the irreversible marketplace movement toward free only makes perceived value more important than ever.

    There is however a great opportunity to persuade those Jews to “convert” to the “want to” group. Answering the following questions from the bimah as well as in the classroom, clearly, crisply, concisely and compellingly is where it all must begin: 1. Why be Jewish? 2. Why do Jewish? and 3. Why Judaism?

    The vast majority of North American Jews already have voted with their feet that other than for life cycle events and perhaps an occasional worship service, non Orthodox Judaism and its institutions and organizations are irrelevant and meaningless.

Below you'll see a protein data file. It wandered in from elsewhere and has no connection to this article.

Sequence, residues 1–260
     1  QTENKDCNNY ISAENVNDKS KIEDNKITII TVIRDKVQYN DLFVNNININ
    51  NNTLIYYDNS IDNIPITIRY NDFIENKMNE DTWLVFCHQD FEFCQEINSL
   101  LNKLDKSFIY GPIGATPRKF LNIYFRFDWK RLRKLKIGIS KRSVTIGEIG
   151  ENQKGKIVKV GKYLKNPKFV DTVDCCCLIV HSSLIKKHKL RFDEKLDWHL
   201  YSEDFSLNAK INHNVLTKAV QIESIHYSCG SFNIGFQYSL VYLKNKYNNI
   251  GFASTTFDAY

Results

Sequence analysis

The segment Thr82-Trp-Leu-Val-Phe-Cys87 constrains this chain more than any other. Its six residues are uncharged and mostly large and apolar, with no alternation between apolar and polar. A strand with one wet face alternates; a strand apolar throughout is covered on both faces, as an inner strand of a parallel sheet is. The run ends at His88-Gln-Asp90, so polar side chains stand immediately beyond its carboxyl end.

So what would your answers to the three questions posed above be? Without this foundation all planning is but an exercise in futility.


  2. Caroline says

    It’s more than rebranding because content does count. If you tell adults without a strong sense of religious affiliation that you will provide their kids an education that is not just about religion but about how to be a happier, more productive human being, than that is worth paying for. The same thing is true for adults as well. If the content can help you make life decisions, process information, make you more confident and motivate you to be a better person–that is worth paying for. And if it isn’t doing that, what good is it anyways?

  3. says